4/10/2013 8:43:00 AM Commentary Paolo Soleri was a man far ahead of his time
Heidi Dahms-Foster Special to the Tribune
If ever a person was way ahead of his time, it was Arcosanti founder Paolo Soleri. Soleri passed away Tuesday at 93.
I don't think I had heard of Soleri until I came to work at the Tribune in 1989. Tooling around the region looking for stories, I came across his prototype community in the desert a bit northeast of Cordes Junction. I was fascinated from the beginning.
Simplifying it to the extreme, Soleri's contention was that if people would confine their living spaces to a more concentrated area, they could keep the surrounding open spaces pristine for everyone. Arcosanti, the prototype that never truly got off the ground, so to speak, was planned to those specifications, and it still is surrounded by some stunningly beautiful, and beautifully preserved, high desert landscape.
Prescott Valley officials realized some years ago that the community lacked a downtown. The Fain family brought in one of the top urban planners of the day, William McDonough, who told the Fains and town planners that they had a unique opportunity - 500 undeveloped acres in the center of town on which to create a more sustainable community center.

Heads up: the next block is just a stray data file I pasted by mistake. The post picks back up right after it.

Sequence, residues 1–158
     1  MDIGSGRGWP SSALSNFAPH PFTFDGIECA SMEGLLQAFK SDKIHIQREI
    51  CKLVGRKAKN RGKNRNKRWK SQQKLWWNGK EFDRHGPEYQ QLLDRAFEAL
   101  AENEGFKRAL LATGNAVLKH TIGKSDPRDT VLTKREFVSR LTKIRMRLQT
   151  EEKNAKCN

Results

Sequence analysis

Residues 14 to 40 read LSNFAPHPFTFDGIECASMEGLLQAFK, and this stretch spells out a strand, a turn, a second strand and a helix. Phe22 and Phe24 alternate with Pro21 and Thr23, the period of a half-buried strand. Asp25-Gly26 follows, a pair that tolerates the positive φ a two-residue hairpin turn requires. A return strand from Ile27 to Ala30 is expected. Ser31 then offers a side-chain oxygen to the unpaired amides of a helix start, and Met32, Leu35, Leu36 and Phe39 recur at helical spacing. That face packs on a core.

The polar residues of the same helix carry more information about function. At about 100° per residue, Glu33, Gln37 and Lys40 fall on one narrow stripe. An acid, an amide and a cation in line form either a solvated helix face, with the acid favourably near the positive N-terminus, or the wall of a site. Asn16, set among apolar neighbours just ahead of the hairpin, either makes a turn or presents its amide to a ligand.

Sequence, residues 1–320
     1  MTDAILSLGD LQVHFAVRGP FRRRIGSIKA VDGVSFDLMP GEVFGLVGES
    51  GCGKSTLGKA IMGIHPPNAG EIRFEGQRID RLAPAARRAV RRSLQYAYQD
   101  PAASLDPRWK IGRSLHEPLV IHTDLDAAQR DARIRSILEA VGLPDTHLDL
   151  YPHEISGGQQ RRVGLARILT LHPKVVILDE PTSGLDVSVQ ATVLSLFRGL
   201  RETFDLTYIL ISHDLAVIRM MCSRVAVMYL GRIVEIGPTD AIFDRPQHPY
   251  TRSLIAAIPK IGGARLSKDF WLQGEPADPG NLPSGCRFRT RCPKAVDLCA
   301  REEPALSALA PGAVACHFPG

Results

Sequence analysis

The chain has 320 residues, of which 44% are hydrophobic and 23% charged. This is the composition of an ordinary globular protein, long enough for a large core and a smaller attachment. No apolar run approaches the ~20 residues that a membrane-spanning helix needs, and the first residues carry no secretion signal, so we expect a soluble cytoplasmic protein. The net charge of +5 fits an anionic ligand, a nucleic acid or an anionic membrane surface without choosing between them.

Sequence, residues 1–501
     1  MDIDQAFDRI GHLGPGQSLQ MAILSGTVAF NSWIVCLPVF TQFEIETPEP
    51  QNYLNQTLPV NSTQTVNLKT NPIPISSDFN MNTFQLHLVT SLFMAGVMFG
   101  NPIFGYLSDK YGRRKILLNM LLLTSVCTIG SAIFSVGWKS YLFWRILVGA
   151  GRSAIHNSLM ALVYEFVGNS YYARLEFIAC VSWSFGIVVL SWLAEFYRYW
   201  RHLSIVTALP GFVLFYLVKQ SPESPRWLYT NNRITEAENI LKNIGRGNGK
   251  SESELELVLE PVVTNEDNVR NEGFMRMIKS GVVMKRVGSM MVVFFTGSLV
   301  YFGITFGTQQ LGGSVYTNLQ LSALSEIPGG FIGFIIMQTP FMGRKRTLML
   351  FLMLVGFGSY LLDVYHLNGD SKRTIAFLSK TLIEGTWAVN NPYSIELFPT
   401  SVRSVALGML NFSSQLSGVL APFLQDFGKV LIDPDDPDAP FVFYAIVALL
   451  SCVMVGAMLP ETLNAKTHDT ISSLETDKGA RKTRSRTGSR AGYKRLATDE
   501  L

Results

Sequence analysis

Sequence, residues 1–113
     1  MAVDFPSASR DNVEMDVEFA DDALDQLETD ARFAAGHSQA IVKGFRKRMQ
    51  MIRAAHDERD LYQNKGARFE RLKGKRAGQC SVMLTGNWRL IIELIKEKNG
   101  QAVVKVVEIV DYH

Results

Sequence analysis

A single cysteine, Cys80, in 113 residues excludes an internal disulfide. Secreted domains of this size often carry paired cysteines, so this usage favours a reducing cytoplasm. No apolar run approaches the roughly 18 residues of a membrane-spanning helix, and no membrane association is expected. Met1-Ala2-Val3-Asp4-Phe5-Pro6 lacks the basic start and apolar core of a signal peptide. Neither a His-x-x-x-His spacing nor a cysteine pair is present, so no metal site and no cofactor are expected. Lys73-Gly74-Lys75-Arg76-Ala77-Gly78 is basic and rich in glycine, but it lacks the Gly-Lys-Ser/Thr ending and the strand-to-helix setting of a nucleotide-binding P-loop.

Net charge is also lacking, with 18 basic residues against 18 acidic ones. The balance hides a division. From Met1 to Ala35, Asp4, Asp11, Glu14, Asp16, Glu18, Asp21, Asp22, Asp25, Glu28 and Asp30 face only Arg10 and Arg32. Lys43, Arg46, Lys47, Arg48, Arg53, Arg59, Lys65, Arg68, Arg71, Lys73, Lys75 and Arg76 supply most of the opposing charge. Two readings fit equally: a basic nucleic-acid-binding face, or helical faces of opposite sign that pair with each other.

What was born out of that and further planning meetings through the years was a downtown in which people can park and walk to entertainment, education, medical care and apartment living. This plan has weathered time, and a recession, but it is still coming together - a direct shift to more central living.
During that time it struck me that McDonough and Soleri had the same general idea. Soleri, however, was running against a tide of individualists hungry for their own slice of land, and he was a purist. The twain didn't meet in Central Arizona's high desert.
A little study will amaze anyone who measures the influence that Soleri, small in stature, but huge in ideas, had in his lifetime. A world renowned architect and planner, locally he mentored some of our top green builders - Prescott's Jeffrey Zucker of Catalyst Architecture, for one.
Long after Soleri's earthly body is laid to rest next to his wife Colly's at Arcosanti, his body of work will continue its worldwide influence.